COM Prepared for New Meningitis Law
New students to College of the Mainland will have to add another requirement to their checklist before beginning classes in the spring. A new state law, Senate Bill 1107, requires any student younger than 30 entering college, has to be vaccinated for bacterial meningitis.
Under the law, students must now show proof of a vaccination or booster within the five years preceding and at least 10 days prior to the first day of class. If there is a break of at least one fall or spring semester, a student must show proof of the vaccination before returning to the institution.
“COM is allowing new students to go through the application, testing and registration process but they are being told they must show proof of vaccination before classes start on Jan. 17,” said Martin Perez, director of admissions and international affairs. “Students can bring their shot records or proof of vaccination to the admissions office.”
In 2009 the Texas Legislature passed the Jamie Schanbaum Act inspired by the University of Texas student who, in 2008, lost her legs and many of her fingers because of meningitis. The law required new students living in campus dorms be vaccinated for the disease.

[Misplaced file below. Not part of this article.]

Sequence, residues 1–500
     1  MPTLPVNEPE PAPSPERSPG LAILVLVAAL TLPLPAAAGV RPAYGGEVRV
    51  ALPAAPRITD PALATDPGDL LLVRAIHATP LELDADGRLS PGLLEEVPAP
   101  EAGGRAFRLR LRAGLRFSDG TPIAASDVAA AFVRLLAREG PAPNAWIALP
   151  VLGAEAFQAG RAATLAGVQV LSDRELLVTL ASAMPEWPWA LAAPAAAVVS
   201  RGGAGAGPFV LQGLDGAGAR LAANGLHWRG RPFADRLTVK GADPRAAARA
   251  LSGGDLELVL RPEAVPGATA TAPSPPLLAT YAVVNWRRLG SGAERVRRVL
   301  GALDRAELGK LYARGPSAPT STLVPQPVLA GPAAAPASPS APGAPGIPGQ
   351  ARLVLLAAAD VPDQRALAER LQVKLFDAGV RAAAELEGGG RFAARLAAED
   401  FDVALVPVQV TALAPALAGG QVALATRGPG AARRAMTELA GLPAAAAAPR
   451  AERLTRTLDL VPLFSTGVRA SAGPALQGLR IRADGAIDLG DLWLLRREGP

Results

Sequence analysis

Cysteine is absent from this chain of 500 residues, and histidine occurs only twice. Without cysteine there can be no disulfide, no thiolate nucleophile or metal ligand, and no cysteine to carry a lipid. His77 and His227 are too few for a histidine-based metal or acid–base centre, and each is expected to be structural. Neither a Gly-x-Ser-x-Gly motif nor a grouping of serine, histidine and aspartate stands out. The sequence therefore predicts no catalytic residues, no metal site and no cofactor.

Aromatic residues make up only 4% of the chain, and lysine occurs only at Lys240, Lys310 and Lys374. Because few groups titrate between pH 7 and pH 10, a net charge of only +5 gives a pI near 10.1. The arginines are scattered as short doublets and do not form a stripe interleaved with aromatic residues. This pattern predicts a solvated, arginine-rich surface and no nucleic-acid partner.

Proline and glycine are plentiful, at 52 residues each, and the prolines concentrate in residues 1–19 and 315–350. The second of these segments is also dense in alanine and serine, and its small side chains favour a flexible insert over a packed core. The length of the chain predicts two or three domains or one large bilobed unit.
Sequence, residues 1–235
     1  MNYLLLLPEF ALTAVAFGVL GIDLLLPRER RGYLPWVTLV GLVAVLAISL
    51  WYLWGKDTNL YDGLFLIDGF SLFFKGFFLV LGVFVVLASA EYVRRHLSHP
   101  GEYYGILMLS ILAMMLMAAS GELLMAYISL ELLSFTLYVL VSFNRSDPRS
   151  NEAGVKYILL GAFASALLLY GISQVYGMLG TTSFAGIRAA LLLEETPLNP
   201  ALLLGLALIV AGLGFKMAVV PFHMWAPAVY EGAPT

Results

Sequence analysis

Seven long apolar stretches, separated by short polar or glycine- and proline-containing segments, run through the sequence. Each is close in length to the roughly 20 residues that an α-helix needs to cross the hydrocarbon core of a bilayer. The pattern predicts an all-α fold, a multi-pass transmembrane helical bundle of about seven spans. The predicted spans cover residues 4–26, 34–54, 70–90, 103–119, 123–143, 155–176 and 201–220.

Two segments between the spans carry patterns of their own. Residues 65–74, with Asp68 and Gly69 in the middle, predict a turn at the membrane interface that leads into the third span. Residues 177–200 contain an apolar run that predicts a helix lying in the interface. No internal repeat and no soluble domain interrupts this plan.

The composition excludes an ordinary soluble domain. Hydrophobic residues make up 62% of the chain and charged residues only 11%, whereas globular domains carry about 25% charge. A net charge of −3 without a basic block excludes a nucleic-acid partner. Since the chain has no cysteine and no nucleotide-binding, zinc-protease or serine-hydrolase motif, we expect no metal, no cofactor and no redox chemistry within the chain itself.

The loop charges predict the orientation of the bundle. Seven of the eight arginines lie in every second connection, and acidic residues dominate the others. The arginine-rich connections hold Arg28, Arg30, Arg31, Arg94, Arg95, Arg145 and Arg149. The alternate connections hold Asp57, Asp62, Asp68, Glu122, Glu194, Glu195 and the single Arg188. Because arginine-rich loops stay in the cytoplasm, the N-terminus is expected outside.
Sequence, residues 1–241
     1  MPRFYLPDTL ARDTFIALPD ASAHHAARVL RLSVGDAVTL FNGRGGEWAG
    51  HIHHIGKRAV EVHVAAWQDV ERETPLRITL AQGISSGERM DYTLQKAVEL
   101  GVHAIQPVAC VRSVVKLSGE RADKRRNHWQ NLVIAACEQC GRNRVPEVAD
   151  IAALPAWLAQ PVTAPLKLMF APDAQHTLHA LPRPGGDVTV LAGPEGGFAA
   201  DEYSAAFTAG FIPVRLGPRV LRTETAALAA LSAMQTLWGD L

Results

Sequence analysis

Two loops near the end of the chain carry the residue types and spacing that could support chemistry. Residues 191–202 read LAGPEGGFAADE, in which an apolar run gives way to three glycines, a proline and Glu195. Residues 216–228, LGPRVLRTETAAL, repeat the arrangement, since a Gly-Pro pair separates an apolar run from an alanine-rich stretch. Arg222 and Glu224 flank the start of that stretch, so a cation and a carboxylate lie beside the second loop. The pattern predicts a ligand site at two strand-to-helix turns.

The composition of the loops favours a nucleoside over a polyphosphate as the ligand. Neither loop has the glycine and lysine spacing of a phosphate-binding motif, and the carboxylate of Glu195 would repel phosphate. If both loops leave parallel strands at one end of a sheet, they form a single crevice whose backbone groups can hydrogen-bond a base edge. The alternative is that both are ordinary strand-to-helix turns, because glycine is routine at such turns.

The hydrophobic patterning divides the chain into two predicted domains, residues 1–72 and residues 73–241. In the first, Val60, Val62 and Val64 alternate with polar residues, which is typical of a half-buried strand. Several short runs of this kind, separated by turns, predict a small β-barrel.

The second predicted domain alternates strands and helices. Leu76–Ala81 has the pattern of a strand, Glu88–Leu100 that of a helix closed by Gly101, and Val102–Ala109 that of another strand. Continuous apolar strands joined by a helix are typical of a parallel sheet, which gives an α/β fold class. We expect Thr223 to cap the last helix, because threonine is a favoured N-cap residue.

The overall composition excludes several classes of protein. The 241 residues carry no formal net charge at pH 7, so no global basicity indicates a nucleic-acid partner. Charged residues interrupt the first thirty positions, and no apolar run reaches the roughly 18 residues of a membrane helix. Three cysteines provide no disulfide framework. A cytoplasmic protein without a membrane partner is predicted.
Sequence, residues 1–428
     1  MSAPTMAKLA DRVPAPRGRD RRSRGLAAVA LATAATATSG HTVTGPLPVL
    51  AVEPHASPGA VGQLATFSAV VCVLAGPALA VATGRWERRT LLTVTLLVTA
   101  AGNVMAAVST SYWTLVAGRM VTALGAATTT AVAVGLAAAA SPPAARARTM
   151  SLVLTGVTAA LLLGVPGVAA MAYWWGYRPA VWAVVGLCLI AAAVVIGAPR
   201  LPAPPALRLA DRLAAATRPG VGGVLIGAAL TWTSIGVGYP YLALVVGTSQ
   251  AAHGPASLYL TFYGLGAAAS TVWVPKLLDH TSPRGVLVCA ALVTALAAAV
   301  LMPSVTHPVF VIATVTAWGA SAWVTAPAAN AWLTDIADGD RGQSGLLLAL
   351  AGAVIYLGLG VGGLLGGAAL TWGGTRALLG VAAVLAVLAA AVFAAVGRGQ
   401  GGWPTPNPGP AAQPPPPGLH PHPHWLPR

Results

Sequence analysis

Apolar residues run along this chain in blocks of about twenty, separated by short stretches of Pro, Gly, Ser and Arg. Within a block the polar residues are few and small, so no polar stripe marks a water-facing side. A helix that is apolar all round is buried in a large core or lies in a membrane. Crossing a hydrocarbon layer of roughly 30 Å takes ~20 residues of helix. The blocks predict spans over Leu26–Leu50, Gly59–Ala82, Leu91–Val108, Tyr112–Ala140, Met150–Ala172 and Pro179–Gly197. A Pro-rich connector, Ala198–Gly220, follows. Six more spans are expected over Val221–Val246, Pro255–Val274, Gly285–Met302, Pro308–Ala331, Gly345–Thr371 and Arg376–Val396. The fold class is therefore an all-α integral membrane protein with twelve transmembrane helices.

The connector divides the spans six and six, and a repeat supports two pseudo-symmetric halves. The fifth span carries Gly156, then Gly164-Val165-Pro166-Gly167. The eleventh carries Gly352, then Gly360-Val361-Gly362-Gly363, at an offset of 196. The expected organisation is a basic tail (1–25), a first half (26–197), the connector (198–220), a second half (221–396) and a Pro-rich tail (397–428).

Last year, legislators decided to expand the law after the February death of a Texas A&M student, Nicolis Williams, who contracted the disease. The former law did not require him to be vaccinated because he lived off campus. The new law is named the Jamie Schanbaum and Nicolis Williams Act.
“We are prepared for this new requirement and the counseling and advisement center and the admissions office can provide more information or provide students information on area vaccination locations,” said Perez. For more information, call 409-938-1211 or visit www.com.edu/admissions/meningitis-vaccinations.php.